A Virginia state senator has found himself listed as an enemy of ISIS.
The surprising singling out of Loudoun County lawmaker Richard Black is found in the latest issue of an ISIS-published magazine.
If you were to think up a list of names that ISIS might put on its enemies list, you might come up with heads of state and foreign ministers around the world.
But the state senator who represents Virginia's 13th legislative district? Maybe not, but now this local lawmaker has wound up on the list for the Islamic extremist group.
In the new issue of Dabiq , the official magazine of ISIS, tucked between its glossy articles on waging jihad and destroying museums, you will find Virginia State Sen. Richard Black listed as an enemy of ISIS.
So we asked him if he is an enemy of ISIS.
"I am an enemy of ISIS," he told us. "There's no doubt about it."
So what is it about the 70-year-old Republican state lawmaker and former Marine that has ISIS so upset with him? He said it may have something to do with the interview he did on Russian television.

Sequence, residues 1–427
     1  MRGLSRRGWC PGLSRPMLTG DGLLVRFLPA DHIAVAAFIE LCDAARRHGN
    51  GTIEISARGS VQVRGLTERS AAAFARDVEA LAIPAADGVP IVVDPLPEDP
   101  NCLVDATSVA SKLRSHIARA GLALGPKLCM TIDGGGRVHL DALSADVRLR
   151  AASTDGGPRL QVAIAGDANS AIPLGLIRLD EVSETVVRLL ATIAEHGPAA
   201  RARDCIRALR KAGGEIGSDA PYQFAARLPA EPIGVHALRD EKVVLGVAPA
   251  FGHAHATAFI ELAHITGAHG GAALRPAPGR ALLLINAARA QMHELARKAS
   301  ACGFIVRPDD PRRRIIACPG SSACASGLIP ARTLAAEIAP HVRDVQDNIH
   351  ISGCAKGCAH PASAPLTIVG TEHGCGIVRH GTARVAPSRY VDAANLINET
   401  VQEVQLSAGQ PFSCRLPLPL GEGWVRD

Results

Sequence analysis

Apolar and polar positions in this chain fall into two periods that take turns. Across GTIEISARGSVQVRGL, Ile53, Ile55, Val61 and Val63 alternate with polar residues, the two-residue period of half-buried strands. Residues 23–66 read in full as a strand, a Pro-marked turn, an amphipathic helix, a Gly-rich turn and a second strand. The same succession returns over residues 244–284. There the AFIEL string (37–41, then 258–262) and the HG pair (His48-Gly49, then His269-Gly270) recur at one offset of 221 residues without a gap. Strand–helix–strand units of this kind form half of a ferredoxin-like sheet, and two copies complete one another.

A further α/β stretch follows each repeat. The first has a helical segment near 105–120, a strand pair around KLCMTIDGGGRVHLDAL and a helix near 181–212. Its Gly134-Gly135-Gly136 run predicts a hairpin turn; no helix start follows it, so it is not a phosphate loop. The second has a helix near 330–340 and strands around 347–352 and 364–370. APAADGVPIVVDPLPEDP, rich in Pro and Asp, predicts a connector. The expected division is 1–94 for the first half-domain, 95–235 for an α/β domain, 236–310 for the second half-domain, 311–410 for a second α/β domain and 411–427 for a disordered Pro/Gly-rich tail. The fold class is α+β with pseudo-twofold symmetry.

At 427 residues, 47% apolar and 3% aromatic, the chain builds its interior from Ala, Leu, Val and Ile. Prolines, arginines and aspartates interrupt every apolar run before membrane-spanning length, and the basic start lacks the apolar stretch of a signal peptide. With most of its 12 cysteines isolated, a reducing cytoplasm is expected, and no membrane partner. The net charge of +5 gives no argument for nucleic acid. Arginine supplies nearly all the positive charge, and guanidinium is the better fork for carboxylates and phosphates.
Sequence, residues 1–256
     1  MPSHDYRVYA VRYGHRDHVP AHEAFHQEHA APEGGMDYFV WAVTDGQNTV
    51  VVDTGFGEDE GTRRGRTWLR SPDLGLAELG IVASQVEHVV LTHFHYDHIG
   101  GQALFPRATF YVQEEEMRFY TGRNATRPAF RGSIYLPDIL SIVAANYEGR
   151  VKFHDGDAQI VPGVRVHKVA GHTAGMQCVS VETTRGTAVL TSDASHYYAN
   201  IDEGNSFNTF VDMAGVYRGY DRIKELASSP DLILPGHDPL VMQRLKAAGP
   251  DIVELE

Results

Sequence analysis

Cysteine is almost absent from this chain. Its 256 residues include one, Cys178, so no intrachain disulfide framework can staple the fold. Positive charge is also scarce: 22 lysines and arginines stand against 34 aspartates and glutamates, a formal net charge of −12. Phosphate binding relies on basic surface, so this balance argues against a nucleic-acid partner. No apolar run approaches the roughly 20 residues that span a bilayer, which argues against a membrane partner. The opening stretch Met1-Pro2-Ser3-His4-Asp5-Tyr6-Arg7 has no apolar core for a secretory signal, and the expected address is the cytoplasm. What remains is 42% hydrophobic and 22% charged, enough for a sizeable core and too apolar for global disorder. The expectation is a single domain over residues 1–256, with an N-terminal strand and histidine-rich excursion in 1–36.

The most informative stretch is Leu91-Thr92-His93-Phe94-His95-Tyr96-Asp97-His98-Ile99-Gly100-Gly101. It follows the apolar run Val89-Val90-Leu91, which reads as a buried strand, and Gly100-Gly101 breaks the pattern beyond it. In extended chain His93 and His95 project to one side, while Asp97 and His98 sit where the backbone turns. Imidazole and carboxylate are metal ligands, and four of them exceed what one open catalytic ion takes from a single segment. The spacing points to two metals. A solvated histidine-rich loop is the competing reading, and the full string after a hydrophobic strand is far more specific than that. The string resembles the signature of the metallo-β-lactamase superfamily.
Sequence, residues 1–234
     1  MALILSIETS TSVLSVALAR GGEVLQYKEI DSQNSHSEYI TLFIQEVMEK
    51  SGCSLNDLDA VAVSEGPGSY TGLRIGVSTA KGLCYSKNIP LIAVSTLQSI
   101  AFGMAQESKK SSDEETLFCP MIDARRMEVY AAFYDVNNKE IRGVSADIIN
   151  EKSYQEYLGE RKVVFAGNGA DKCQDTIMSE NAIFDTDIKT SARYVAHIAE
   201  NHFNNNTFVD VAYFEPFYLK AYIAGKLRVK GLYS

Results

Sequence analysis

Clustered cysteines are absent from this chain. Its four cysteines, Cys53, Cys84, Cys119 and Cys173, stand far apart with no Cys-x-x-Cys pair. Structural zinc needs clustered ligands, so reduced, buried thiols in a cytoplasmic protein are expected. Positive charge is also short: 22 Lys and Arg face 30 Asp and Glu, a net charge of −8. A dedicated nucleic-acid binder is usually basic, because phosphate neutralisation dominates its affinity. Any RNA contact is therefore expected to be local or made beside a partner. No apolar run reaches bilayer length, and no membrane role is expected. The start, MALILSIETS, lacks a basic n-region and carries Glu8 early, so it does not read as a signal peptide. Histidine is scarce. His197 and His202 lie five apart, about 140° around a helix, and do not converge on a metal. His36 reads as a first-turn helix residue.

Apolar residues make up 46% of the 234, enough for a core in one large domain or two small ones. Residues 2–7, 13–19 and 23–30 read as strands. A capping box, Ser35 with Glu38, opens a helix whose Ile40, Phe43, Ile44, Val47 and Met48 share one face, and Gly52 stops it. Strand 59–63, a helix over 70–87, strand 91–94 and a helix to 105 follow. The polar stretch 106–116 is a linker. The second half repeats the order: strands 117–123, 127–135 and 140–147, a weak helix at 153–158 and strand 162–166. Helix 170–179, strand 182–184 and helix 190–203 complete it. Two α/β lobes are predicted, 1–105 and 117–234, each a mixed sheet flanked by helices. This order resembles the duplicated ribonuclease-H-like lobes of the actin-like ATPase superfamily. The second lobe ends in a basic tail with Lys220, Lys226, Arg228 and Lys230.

In 2014, the senator wrote a letter urging Syrian President Bashar Assad, who has been accused of war crimes himself, to protect Christians in Damascus from ISIS forces. Sen. Black said that put him on ISIS's radar screen.
"I was surprised that they singled me out as one of their three worldwide enemies of ISIS," said Black.
Also listed on the ISIS enemies list are former presidential candidate Rick Santorum and former CIA official turned author Gary Berntsen.
Black said he was first alerted to the ISIS article by Capitol Police, but he is not concerned for his personal safety.
"I'm honestly more concerned about the hundred American servicemen who have been designated as targets of ISIS just like I have," he said.
For his part, Black said he believes ISIS's goal in naming him was two-fold: to get attention and to silence their American critics. But on that second point, ISIS may have come up empty. Sen. Black told us it would not stop him from speaking out against ISIS.
"No, we've got to do it," he said.
This is not the first time terrorist-affiliated publication has specifically named places or people in the D.C. area. Just last year, the al-Qaida-affiliated magazine Inspire drew similar attention when they directly named neighborhoods around the D.C. area such as Glover Park and parts of Arlington County as possible targets for terrorist attacks.